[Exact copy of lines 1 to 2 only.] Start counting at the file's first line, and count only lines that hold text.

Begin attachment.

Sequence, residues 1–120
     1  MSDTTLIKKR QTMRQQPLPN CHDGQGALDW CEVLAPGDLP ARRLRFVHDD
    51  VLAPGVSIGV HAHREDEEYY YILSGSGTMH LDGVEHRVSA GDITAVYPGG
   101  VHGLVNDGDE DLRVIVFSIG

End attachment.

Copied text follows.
Sequence, residues 1–120
     1  MSDTTLIKKR QTMRQQPLPN CHDGQGALDW CEVLAPGDLP ARRLRFVHDD